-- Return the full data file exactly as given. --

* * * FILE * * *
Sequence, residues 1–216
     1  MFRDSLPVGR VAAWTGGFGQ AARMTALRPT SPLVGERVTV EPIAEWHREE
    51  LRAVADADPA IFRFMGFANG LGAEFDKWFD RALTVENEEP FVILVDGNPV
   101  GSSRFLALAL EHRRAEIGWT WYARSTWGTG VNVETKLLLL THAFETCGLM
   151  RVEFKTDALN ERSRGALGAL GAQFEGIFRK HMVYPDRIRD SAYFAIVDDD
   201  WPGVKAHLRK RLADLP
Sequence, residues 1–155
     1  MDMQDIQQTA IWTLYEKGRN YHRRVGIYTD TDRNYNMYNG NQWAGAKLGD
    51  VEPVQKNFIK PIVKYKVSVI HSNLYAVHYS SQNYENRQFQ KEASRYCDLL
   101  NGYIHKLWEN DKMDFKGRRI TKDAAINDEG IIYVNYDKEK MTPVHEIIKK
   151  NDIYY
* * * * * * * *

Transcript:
Sequence, residues 1–216
     1  MFRDSLPVGR VAAWTGGFGQ AARMTALRPT SPLVGERVTV EPIAEWHREE
    51  LRAVADADPA IFRFMGFANG LGAEFDKWFD RALTVENEEP FVILVDGNPV
   101  GSSRFLALAL EHRRAEIGWT WYARSTWGTG VNVETKLLLL THAFETCGLM
   151  RVEFKTDALN ERSRGALGAL GAQFEGIFRK HMVYPDRIRD SAYFAIVDDD
   201  WPGVKAHLRK RLADLP
Sequence, residues 1–155
     1  MDMQDIQQTA IWTLYEKGRN YHRRVGIYTD TDRNYNMYNG NQWAGAKLGD
    51  VEPVQKNFIK PIVKYKVSVI HSNLYAVHYS SQNYENRQFQ KEASRYCDLL
   101  NGYIHKLWEN DKMDFKGRRI TKDAAINDEG IIYVNYDKEK MTPVHEIIKK
   151  NDIYY